Fears That 'Beloved' Kangaroo Will Be Shot for Pet Food Sparks Protest

Local residents gathered at the Melbourne-area Heritage Golf and Country Club on Tuesday night, fearing the death of a "beloved" kangaroo at the hands of those hoping to use his body for pet food.

Big Al, as the creature is known, would be a victim of "culling," a practice in Australia that allows people to shoot the kangaroos in order to control their population size. The culls reportedly help protect grasslands and the population sizes of other creatures, like lizards.

Yahoo News Australia reported that on Tuesday morning, flyers were distributed warning residents of the area to stay away, as a kangaroo cull would be underway that night. Despite the message, 60-80 protesters, including Big Al's former caretaker, Manfred Zabinskas, showed up to protect the gentle giant.

Because Big Al is, as his name suggests, quite a large creature, there were anxieties that he would be targeted in the cull, as his body would provide a large quantity of meat. Refrigerated trucks were reportedly spotted at the golf course, in anticipation of storing the animals' corpses.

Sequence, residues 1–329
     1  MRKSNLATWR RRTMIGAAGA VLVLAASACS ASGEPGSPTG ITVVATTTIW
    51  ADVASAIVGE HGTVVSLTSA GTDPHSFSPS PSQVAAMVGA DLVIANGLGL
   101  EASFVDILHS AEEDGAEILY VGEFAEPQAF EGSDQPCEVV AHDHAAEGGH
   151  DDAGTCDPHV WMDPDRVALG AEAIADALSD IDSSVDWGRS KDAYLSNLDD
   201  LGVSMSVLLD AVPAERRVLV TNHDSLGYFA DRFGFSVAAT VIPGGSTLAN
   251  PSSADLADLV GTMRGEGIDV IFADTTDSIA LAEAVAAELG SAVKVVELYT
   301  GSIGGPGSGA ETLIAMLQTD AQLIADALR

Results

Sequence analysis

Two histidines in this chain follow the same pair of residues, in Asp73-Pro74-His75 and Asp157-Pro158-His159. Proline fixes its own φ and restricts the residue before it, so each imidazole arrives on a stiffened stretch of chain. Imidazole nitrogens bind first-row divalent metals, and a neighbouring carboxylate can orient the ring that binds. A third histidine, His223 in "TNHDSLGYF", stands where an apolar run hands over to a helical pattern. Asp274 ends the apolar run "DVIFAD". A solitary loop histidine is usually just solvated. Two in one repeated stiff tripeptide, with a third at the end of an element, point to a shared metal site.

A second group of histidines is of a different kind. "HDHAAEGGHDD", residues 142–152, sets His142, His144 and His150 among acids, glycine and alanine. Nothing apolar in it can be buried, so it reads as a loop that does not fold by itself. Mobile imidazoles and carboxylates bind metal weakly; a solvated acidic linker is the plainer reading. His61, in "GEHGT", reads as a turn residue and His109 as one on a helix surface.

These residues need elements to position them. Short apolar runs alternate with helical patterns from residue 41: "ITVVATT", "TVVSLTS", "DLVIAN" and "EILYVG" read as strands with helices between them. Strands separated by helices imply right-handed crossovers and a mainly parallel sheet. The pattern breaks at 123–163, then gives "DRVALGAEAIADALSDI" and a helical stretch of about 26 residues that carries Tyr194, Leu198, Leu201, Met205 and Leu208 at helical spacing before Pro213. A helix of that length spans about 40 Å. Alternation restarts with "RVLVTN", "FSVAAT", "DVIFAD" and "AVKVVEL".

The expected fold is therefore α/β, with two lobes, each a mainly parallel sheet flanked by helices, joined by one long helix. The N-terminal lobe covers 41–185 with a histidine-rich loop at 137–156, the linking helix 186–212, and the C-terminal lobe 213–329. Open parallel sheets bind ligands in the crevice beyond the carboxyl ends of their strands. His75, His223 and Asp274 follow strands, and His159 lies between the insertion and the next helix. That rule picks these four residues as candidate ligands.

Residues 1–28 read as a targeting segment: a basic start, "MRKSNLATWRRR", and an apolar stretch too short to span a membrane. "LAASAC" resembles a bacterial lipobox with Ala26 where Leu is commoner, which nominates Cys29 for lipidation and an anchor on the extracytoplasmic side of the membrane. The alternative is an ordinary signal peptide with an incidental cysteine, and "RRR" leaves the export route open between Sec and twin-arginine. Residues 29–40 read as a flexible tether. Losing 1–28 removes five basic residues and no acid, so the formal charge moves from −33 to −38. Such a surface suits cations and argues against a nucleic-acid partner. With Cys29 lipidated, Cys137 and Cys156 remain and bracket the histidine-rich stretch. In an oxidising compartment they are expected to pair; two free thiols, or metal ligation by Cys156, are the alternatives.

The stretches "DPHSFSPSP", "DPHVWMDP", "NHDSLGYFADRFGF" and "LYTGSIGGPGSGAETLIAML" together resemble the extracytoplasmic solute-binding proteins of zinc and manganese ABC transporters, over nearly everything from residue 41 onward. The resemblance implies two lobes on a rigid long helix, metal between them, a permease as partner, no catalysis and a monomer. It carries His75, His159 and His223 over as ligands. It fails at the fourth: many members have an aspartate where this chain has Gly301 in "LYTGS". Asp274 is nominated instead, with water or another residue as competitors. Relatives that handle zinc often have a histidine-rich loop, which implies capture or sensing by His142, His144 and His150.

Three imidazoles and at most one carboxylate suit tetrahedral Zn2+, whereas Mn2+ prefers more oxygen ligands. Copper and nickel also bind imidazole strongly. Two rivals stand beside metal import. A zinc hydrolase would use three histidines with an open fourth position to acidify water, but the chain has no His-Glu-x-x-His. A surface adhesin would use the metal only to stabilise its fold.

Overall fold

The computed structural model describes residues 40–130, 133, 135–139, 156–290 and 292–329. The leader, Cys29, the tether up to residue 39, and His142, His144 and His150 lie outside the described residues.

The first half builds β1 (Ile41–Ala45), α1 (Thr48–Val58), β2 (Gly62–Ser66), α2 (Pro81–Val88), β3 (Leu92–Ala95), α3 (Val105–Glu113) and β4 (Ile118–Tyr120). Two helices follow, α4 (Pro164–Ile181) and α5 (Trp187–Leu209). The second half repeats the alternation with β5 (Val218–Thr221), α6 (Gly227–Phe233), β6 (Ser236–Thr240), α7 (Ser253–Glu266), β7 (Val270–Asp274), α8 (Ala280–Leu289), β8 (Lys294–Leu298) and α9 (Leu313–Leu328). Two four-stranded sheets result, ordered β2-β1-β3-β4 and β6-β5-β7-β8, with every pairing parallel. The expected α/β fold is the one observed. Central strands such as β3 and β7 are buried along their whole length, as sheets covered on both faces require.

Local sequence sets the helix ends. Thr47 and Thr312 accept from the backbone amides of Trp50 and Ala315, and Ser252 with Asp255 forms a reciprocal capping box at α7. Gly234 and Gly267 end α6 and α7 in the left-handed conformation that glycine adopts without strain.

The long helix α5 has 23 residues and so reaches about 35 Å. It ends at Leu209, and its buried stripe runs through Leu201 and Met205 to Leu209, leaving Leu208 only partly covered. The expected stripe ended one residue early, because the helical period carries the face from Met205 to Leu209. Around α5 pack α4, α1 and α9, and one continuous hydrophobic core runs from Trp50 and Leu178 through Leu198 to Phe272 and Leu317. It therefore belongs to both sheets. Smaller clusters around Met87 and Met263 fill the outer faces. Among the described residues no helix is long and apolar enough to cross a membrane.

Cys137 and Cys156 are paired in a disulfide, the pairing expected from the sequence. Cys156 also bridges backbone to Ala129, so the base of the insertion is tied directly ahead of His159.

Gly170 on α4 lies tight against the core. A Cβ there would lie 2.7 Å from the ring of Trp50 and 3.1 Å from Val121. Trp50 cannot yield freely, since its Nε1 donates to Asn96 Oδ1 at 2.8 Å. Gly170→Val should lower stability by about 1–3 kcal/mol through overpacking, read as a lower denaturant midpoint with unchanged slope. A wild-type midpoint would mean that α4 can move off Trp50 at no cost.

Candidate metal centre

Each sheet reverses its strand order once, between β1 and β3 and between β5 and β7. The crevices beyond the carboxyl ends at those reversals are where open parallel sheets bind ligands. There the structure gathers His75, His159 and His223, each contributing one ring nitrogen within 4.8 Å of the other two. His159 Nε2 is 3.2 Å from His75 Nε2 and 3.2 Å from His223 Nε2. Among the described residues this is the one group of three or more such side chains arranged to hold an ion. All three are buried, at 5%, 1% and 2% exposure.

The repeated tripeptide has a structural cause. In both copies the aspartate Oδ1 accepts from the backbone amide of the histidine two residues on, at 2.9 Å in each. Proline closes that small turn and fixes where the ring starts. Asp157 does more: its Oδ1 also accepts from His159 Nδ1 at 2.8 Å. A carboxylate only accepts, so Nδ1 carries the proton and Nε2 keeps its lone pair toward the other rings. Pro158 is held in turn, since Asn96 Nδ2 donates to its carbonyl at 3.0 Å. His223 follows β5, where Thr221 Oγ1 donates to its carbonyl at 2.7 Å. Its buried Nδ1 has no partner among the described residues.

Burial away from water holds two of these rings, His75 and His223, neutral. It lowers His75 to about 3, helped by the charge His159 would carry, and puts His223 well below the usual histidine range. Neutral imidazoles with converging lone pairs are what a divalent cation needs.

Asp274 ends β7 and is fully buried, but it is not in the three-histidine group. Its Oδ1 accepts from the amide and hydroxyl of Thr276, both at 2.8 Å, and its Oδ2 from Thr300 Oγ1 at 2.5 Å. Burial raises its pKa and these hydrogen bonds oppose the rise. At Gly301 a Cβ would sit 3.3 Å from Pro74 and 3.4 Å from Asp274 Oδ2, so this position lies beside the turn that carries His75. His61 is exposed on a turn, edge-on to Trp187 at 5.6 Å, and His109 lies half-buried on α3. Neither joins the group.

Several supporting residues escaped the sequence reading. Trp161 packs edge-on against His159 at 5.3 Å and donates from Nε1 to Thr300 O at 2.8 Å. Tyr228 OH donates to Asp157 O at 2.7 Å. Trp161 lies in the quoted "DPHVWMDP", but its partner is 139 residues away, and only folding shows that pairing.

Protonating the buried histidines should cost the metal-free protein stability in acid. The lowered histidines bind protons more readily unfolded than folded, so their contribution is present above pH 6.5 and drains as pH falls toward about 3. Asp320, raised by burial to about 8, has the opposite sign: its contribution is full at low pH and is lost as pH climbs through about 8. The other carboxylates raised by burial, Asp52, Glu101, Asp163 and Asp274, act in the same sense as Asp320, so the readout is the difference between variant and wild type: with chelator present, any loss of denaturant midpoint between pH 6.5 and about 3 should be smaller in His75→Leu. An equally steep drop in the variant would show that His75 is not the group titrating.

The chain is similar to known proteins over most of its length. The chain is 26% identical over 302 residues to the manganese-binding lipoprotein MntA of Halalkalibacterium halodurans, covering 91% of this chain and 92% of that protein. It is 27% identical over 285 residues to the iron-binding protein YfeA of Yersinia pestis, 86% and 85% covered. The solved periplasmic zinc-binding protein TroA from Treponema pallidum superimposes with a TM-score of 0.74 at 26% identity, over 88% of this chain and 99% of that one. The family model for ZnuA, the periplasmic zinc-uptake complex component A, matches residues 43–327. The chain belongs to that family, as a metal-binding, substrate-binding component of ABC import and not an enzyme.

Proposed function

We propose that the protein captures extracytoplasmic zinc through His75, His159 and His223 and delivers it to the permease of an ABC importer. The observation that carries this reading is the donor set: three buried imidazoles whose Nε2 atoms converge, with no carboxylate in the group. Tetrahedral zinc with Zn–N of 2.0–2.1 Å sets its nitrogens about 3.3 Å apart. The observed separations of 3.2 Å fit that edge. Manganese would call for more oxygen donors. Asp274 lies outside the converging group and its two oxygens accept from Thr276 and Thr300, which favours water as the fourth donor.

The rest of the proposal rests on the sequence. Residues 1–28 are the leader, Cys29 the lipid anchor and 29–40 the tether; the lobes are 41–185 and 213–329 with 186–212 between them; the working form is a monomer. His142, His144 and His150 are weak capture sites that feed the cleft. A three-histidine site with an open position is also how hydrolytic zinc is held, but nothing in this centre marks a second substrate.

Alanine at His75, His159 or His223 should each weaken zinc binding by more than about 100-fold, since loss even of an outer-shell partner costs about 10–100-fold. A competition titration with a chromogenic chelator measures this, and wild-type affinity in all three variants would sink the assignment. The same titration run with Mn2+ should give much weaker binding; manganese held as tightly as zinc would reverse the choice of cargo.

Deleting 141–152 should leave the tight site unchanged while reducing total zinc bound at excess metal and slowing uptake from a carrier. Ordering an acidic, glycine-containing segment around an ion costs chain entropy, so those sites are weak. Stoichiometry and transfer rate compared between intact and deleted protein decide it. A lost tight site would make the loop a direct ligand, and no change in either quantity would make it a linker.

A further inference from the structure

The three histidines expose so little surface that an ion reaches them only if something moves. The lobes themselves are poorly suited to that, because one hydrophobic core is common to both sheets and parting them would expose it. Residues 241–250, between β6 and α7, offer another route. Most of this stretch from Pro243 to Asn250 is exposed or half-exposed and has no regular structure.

"Big Al would be the absolute easiest target for the shooters, he'd just stand there, there's no way he'd runoff," said Zabinskas. "He's so familiar with cars and people that he would have no flight response whatsoever, so we're terrified he might end up being in their sights."

When protestors heard loud "bangs" in the area around 8 p.., they believed the cull had begun. They prepared "to put their bodies between the kangaroos and the shooters," said Yahoo News.

Kangaroos in Gold Coast, Australia
Two kangaroos from Australia's Gold Coast, 2014. Steve Christo - Corbis/Getty Images

"We're prepared to wait it out until they give up, doing so in a non-violent, non-aggressive way," said an anonymous spokesperson from Melbourne Hunt Saboteurs, an animal rights group.

Meanwhile, the CEO of Wildlife Victoria, Lisa Palma, traveled to the Melbourne-area golf course after hearing about the situation.

"It's our understanding they are going to be killed for pet food, and we are particularly devastated worrying about Big Al and the outcome for him," she said.

Finally, protestors gathered at the scene learned that the cull had been postponed—but that doesn't mean that Big Al is out of danger. The Department of Agriculture in Victoria reportedly confirmed that kangaroo culls are still authorized in the area.

Meanwhile, those opposing the cull are hoping that the possibility of Big Al's killing might lead to lasting change. Animal Justice Party MP Andy Meddick spoke on the issue, noting that the incident "took everybody by surprise."

"Why would you just automatically reach to just killing them, why would you not investigate other things?" he asked.

"The proprietor of the golf course and perhaps the government even too have really misread the room on this," Meddick added. "The population of Victoria wants to see kangaroos protected, not shot."